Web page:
Publishers, e-book retailers and young startups tend to always target the Apple iPhone for app development. This is because Apple owners tend to spend more money on e-books and are considered more affluent. Additionally, most of these companies consider iOS to be their flagship app, it is always the first one updated with new features.
According to a report from IBM Commerce, nearly 40% of all online traffic the day after Thanksgiving 2015 came from iOS, whereas only 17.3% came from Android. In the three months leading up the Christmas holidays 27.7% of all online sales came from iOS devices, and only 8.3% came from phones and tablets running Android. iOS users also spent and average $125.83, significantly more money than Android users, who spent $107.60.
Benedict Evans of Andreessen Horowitz thinks Apple users tend to spend more money from Android users for a couple reasons.
- Android’s market share is strongest in relatively lower income countries Many people in those countries lack credit cards and Google has been very slow to offer carrier billing.
- Android phones average $250-$300 where iPhone average $600 – people who choose to spend the extra money are sending a signal about their intents. That is, we don’t know what the ARPU for a Galaxy S5 user is, but it’s probably very similar to an iPhone user – but Galaxy S5 users are a small minority of Android users.
- Apple offers a distinctly different proposition to Android: perhaps the people who are attracted to that proposition are just more likely to spend money – that is, maybe iPhone users do spend more than GS5 users.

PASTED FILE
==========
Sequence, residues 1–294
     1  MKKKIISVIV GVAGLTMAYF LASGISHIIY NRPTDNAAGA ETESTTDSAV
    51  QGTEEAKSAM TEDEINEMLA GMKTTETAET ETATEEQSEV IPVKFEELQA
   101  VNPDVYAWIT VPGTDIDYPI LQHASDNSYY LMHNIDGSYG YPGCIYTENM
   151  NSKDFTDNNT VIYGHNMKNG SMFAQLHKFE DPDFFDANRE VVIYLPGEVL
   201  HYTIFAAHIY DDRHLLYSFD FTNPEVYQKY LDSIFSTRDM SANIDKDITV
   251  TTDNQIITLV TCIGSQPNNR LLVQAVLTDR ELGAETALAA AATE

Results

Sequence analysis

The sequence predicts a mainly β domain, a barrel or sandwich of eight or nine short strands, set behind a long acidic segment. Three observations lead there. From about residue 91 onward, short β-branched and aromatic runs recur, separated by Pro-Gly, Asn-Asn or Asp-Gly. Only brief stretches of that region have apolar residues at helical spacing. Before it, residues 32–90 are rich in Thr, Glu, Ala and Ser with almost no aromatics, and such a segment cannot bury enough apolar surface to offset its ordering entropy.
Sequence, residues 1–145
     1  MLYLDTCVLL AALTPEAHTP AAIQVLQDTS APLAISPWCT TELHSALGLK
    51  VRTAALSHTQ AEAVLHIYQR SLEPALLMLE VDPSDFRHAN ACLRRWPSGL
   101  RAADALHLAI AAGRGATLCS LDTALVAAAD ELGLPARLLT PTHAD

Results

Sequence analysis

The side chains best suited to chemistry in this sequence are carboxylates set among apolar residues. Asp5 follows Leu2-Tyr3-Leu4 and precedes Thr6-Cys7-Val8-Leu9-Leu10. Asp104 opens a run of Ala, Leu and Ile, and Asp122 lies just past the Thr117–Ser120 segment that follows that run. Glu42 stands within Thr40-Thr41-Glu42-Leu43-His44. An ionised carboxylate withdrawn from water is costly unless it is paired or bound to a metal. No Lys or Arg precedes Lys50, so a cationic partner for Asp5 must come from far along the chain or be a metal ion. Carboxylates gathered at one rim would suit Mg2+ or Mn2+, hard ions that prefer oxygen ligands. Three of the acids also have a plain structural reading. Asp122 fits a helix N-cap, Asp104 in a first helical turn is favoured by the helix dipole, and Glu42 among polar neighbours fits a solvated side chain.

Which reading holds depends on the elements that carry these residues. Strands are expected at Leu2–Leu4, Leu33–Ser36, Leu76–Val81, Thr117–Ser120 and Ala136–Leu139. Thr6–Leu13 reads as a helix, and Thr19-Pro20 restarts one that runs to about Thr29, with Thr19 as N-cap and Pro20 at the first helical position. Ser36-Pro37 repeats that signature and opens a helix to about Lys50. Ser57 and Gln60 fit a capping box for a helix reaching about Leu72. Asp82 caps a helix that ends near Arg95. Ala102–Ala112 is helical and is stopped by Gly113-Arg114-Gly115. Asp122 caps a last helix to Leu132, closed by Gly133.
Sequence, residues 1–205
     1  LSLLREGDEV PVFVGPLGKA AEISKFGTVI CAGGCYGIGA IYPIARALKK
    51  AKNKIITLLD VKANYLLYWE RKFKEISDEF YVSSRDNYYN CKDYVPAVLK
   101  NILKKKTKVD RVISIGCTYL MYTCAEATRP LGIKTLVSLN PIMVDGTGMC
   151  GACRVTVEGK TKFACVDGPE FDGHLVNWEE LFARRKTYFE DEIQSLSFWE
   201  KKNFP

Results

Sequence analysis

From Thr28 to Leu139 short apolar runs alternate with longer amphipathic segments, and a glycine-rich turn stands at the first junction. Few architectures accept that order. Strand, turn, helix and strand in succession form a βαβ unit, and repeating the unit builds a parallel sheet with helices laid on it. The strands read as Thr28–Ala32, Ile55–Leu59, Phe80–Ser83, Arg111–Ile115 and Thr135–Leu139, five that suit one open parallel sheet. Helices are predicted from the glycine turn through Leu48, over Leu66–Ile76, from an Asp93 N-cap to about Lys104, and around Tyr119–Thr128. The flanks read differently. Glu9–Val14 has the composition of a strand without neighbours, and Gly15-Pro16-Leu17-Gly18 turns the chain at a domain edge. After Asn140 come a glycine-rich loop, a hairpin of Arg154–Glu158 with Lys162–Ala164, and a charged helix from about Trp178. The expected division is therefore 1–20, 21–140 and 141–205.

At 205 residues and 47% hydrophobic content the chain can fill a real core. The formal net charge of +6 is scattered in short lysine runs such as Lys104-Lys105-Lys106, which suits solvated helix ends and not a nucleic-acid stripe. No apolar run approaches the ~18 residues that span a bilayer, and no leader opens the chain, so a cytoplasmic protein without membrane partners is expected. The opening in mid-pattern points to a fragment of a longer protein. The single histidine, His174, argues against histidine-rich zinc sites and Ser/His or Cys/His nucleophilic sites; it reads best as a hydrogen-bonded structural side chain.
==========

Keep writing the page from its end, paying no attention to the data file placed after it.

- Finally, this can become circular: if developers believe that Android users do not pay, then their behavior will be affected – they may offer a free ad-supported app instead of a paid app, or have a lower price. And if they decide not to support Android or support it second, then their users will gravitate to iPhone first, which becomes self-fulfilling. You can see this clearly on Android tablets – magazine apps have low use on Android so are slow to support Android, so users who want magazine apps don’t buy Android tablets.
A new report has just been issued by the Consumer Intelligence Research Partners and they proclaimed that at the end of the December 2015, 110 million iPhones were in use in the US, including 62 million iPhone 6 and 6 Plus and 19 million iPhone 6s and 6s Plus models.
It is no small wonder that everyone develops for the iPhone and iPad first and than eventually ports their apps to Android. Supercell has done it with Boom Beach and more recently Castle Clash. Many young companies making their very first apps also target iOS users first, in order to better monetize their efforts.
Michael Kozlowski is the Editor in Chief of Good e-Reader. He has been writing about audiobooks and e-readers for the past ten years. His articles have been picked up by major and local news sources and websites such as the CBC, CNET, Engadget, Huffington Post and the New York Times.